Archivi tag: solar system

The Formation of the Solar System II

Although the solar system formed more than 4.5 Gyr ago there still exist a number of indicators to the conditions at the time of its formation. Meteorites, the composition of the Kuiper belt and even today’ s properties of the solar system planets give clues to the solar system’s early history. However, there is an ongoing debate on how to interpret these properties. Continua a leggere The Formation of the Solar System II


Revolution in Astronomy with ALMA

The Atacama Large Millimeter/submillimeter Array (ALMA) has been producing a growing number of impressive and scientifically compelling results as the most powerful mm/submm interferometer in the world. Held in central Tokyo, the aim of this four day conference is to highlight the most recent science results from ALMA obtained during the first three years of science operations, and to motivate future collaboration among researchers around the world. Continua a leggere Revolution in Astronomy with ALMA

The X-ray Universe

The XMM-Newton Science Operations Centre is organising a major astrophysical symposium from Monday 16th to Thursday 19th of June 2014 in Dublin, Ireland. The symposium is the fourth international meeting in the series “The X-ray Universe”. The intention is to gather a general collection of research in high energy astrophysics. The symposium will provide a showcase for results, discoveries and expectations from current and future X-ray missions. Continua a leggere The X-ray Universe

Ganymede might have ice and oceans like a ‘club sandwich’

Image of Ganymede’s anti-Jovian hemisphere taken by the Galileo probe. Lighter surfaces, such as in recent impacts, grooved terrain and the whitish north polar cap at upper right, are enriched in water ice. Credit: NASA

The largest moon in our Solar System, a companion to Jupiter named Ganymede, might have ice and oceans stacked up in several layers like a club sandwich, according to new NASA-funded research that models the moon’s makeup. Previously, the moon was thought to harbor a thick ocean sandwiched between just two layers of ice, one on top and one on bottom.

More at JPL: Ganymede May Harbor ‘Club Sandwich’ of Oceans and Ice

arXiv: A Passive Probe for Subsurface Oceans and Liquid Water in Jupiter’s Icy Moons

Video from

NASA Jet Propulsion Laboratory California Institute of Technology

Beta Pictoris b, measured the rotation rate of the exoplanet

Artist’s impression of the planet Beta Pictoris b. Credit: ESO

Observations from ESO’s Very Large Telescope (VLT) have, for the first time, determined the rotation rate of an exoplanet. Beta Pictoris b has been found to have a day that lasts only eight hours. This is much quicker than any planet in the Solar System, its equator is moving at almost 100.000 kilometres per hour. This new result extends the relation between mass and rotation seen in the Solar System to exoplanets. Similar techniques will allow astronomers to map exoplanets in detail in the future with the European Extremely Large Telescope (E-ELT).

More at ESO: Length of Exoplanet Day Measured for First Time

arXiv: The fast spin-rotation of a young extrasolar planet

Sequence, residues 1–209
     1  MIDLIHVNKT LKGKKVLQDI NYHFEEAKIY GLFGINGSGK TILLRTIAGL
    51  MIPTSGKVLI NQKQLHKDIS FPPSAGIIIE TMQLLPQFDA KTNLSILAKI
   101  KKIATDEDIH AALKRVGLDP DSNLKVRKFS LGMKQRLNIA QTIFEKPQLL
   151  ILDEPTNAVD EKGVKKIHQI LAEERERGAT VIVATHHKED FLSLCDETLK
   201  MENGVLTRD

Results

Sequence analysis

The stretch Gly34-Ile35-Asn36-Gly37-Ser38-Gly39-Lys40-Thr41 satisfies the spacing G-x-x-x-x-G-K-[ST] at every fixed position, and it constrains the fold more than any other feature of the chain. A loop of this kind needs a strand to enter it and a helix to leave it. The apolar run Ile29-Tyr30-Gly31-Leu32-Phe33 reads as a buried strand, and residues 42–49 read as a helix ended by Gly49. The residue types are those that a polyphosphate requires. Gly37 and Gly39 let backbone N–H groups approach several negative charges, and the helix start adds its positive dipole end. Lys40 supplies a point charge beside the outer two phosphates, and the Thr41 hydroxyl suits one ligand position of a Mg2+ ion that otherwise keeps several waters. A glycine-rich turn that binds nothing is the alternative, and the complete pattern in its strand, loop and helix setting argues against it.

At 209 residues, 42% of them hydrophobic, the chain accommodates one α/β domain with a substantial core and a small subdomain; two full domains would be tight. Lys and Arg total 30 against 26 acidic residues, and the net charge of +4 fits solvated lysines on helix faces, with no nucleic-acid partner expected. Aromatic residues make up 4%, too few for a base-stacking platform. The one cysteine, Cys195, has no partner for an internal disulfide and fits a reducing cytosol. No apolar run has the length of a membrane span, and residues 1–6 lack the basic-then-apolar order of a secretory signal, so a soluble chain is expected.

Discovered a close neighbor of the Sun

This image is an artist’s conception of the brown dwarf WISE J085510.83-071442.5. The Sun is the bright star directly to the right of the brown dwarf. Credit: Robert Hurt/JPL, Janella Williams/Penn State University.

A “brown dwarf” star that appears to be the coldest of its kind — as frosty as Earth’s North Pole — has been discovered by a Penn State University astronomer using NASA’s Wide-field Infrared Survey Explorer (WISE) and Spitzer Space Telescopes. Images from the space telescopes also pinpointed the object’s distance at 7.2 light-years away, making it the fourth closest system to our Sun.

More at Penn State: Star Is Discovered To Be a Close Neighbor of the Sun and the Coldest of Its Kind

Science with the Atacama Pathfinder Experiment

After the success of the 2012 Ringberg meeting on APEX science where about 70 participants discussed exciting APEX science ranging from our Solar System to distant galaxies in the Early Universe, time is ripe to review what has been accomplished since then and to look into science opportunities for the next years. Since its inauguration in 2005, the Atacama Pathfinder Experiment (APEX) 12m submillimeter telescope has significantly contributed to a wide variety of submillimeter astronomy science areas, ranging from the discoveries of new molecules to large and deep imaging of the submillimeter sky. Among the partners the extension of APEX operations to 2017 and beyond is being prepared and new instruments are on their way and in the planning, including new wide-field bolometer cameras and new heterodyne instruments highly complementary to ALMA. While Herschel ran out of Helium, the work on its archival data benefits strongly from complementary APEX observations. SOFIA is collecting first exciting results where again lower frequency APEX studies needs to be added. With ALMA ramping up, we see already how important APEX is as a pathfinder for high angular resolution studies.

The conference venue Ringberg Castle will provide a unique setting for in depth discussions on current and future science with APEX. In particular, sessions on new scientific results, on synergies with other observatories and on APEX beyond 2015 are envisioned.

LSST@Europe: The Path to Science

The Large Synoptic Survey Telescope (LSST) project is now entering an exciting phase, moving towards the start of federal construction expected in 2014. With first light planned for 2019 and science operations to commence in 2021, it is now timely to consider the scientific opportunities of LSST in the era of major new European facilities, especially wide-field missions such as Gaia, eRosita and Euclid, and flagship ground based facilities such as ESO’s E-ELT.

This first LSST science meeting in Europe will bring together LSST scientists and European scientists involved in, or interested in, taking LSST forward. This will allow for discourse as to current key science, the role of LSST, and the role of European expertise and facilities in partnership with LSST, in driving forward the next astronomical science revolution into the 2020’s. The meeting will provide an opportunity to review the current status of the LSST, and the key science programmes which are underpinning its development. The conference will include presentations identifying current science challenges where a combination of LSST and leading new European facilities and expertise will result in major leaps in understanding. These topics will range from studies of our Solar System and the Milky Way, to the Universe at the largest scales.

All the light in the Universe since the Big Bang